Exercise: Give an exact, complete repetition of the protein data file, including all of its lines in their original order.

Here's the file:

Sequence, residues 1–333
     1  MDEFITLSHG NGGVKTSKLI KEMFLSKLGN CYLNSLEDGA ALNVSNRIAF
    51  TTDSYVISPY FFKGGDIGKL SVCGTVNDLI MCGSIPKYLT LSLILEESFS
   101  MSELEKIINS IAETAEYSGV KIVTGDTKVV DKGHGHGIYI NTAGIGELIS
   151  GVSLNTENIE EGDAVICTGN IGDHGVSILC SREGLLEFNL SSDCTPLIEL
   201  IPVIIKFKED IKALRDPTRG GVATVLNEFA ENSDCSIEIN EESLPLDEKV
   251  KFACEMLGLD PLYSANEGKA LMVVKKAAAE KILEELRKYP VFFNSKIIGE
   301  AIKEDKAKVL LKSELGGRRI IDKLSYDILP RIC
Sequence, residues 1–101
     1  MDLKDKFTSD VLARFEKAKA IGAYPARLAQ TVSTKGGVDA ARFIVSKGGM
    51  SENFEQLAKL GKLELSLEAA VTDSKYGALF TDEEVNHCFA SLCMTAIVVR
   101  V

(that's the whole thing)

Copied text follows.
Sequence, residues 1–333
     1  MDEFITLSHG NGGVKTSKLI KEMFLSKLGN CYLNSLEDGA ALNVSNRIAF
    51  TTDSYVISPY FFKGGDIGKL SVCGTVNDLI MCGSIPKYLT LSLILEESFS
   101  MSELEKIINS IAETAEYSGV KIVTGDTKVV DKGHGHGIYI NTAGIGELIS
   151  GVSLNTENIE EGDAVICTGN IGDHGVSILC SREGLLEFNL SSDCTPLIEL
   201  IPVIIKFKED IKALRDPTRG GVATVLNEFA ENSDCSIEIN EESLPLDEKV
   251  KFACEMLGLD PLYSANEGKA LMVVKKAAAE KILEELRKYP VFFNSKIIGE
   301  AIKEDKAKVL LKSELGGRRI IDKLSYDILP RIC
Sequence, residues 1–101
     1  MDLKDKFTSD VLARFEKAKA IGAYPARLAQ TVSTKGGVDA ARFIVSKGGM
    51  SENFEQLAKL GKLELSLEAA VTDSKYGALF TDEEVNHCFA SLCMTAIVVR
   101  V